The wish to travel to Australia and experience something new and different had been in me for a long time. I had been wanting to realize it right after high school, but gave in to the voices of family members and my own conscience, who urged me to start college right away and not waste any time. In addition, I still lacked the needed confidence to embark on such a big journey all by myself. So during the following ten years (yes, my high school graduation has been THAT long ago!), I received an undergraduate and graduate degree, completed several internships at home and in the United States, studied abroad, and worked in various summer jobs to afford these endeavors. I have made so many good (and bad) experiences, met wonderful people, and made friends that I will hopefully keep for the rest of my life. Many of my dreams have come true and I have grown immensely during this time – not physically of course, as that train seems to have left the station a long time ago! (I am aware this German saying might not translate very well, but it just felt right.) However, ten years later, that wish was still lurking somewhere within me. So when I thought about my post-graduation life, it resurfaced over and over again, and I went for it.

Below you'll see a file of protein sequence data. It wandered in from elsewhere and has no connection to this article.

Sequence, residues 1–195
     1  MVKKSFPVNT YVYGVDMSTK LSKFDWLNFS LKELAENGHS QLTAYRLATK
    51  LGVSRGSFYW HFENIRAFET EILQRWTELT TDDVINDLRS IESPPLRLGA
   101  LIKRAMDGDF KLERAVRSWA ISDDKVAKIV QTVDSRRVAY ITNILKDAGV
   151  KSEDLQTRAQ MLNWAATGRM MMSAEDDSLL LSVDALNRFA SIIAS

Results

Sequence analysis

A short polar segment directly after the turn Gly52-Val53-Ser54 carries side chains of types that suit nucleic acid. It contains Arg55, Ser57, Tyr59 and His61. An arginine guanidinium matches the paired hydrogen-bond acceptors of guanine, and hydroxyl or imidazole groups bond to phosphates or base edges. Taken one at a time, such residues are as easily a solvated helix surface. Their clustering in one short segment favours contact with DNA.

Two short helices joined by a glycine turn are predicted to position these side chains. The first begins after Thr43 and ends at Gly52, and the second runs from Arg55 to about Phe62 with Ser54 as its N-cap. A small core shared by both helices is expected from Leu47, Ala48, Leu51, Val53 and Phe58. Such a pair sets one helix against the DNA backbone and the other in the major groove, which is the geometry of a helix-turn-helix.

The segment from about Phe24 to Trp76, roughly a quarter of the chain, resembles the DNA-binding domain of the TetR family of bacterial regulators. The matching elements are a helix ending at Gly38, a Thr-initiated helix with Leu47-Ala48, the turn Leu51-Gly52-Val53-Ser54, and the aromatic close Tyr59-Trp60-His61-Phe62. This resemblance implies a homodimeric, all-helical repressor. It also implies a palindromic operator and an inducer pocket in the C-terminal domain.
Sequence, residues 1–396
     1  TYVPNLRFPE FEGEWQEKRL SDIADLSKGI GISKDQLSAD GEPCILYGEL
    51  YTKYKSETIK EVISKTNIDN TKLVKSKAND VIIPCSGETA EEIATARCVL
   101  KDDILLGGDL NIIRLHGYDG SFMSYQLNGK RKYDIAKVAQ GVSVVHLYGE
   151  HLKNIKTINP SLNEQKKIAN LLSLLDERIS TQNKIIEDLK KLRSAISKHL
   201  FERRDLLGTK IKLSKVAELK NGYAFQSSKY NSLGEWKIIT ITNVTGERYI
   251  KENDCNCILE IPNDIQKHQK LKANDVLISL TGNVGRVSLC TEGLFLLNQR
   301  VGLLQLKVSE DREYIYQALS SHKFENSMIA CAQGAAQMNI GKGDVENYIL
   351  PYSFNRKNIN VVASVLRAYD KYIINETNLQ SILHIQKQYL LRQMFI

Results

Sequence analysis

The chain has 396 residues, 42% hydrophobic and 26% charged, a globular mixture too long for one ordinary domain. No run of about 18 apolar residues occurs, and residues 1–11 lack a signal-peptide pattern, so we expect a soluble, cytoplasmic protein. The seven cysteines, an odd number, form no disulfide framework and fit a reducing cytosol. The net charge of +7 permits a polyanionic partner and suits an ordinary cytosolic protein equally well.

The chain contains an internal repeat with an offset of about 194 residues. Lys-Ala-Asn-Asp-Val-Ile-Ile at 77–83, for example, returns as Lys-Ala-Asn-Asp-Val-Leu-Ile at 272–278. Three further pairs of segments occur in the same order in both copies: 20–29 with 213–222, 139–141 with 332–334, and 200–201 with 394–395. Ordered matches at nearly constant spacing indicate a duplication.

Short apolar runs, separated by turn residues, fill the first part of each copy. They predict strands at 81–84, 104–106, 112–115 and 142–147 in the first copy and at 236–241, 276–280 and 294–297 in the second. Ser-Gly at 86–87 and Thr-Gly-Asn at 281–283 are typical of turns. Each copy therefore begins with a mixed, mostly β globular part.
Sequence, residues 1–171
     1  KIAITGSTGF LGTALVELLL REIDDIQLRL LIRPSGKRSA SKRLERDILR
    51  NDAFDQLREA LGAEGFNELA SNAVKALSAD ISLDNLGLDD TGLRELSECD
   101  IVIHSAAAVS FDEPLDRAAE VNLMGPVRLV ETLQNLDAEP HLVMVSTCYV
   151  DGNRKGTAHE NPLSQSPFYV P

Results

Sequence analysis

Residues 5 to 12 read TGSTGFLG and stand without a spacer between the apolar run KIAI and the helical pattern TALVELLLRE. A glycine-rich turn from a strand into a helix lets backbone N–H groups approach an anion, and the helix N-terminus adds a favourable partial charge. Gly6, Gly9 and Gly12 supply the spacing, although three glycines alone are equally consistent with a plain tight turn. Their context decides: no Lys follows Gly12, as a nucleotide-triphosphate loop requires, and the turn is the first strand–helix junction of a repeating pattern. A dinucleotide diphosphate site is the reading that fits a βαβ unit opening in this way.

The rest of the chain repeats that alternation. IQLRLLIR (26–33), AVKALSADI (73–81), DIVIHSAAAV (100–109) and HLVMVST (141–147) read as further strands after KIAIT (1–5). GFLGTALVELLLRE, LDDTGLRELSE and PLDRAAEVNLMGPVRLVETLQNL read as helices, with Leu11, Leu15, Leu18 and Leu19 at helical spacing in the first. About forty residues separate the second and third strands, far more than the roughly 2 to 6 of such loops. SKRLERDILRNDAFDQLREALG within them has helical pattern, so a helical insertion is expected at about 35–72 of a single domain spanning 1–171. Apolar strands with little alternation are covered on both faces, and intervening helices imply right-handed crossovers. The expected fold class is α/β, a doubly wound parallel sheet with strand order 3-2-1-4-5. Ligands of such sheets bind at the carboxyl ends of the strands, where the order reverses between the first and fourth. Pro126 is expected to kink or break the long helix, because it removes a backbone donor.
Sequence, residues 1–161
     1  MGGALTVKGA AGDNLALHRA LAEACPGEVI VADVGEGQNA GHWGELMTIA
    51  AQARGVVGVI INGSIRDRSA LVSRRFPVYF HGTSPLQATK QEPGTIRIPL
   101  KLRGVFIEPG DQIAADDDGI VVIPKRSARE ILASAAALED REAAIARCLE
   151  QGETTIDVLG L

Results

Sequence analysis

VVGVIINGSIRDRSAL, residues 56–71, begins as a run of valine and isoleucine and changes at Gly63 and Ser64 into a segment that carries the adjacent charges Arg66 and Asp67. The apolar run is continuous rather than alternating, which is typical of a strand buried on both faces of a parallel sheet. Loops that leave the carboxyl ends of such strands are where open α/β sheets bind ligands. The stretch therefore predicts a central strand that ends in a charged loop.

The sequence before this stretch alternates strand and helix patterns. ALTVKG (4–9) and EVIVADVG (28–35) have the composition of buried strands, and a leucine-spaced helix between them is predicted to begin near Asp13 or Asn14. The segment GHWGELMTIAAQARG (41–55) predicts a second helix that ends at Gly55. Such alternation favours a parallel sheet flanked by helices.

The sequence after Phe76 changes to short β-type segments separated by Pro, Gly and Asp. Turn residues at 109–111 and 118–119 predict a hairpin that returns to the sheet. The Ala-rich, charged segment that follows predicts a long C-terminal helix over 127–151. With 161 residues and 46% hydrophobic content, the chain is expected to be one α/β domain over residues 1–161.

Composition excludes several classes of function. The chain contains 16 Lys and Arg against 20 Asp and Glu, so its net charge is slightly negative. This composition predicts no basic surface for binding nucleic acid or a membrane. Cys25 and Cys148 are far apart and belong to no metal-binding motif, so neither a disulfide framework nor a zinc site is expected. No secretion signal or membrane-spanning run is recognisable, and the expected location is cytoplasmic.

Coming back to those questions from the beginning. I have met many backpackers and au pairs ever since I arrived in Sydney four months ago. Most of them are in their late teens or early twenties. The oldest might have been 25. Approaching 29 with the speed of light, sometimes I feel it would be nice to be around more people my age. It is fine for me to spend time with people younger than myself, but the image of a fun weekend at age 29 just looks a little bit different from that at age 22. I am just not so much into staying out until the early morning at smelly but (considerably) cheap backpacker bars anymore. Waking up to a monster-hangover, because you drank too much cheap tetra-pack wine just does not sound like a good way to start a beautiful Sunday morning. Instead, I prefer spending an evening going out to dinner with good food, good conversation, and a glass of red. (Yes, I recently began preferring red over white wine. I think I’m ready for my thirties now!) An alternative would be a day of “touristing”, followed by a movie and yummy self-cooked food – food is essential, guys! After these activities, I wake up at a reasonable time on Sunday morning, ready to go for a pre-breakfast run, with a full day to spend doing other fun stuff. So it would be nice to be around people who are also past their binge-drinking days. But, essentially, it is not a problem. I can still participate in a pub crawl and leave when I feel like I’m ready to “call it a day” and let the others order their third, fourth, or fifth cheap drink. Sometimes I feel a little bit old doing that, but then, on the next morning, that feeling fades when I run past those terrible looking zombies, on their way home from a rough night involving too much liquor, still in their party outfits and seemingly ready to fall to their death bed.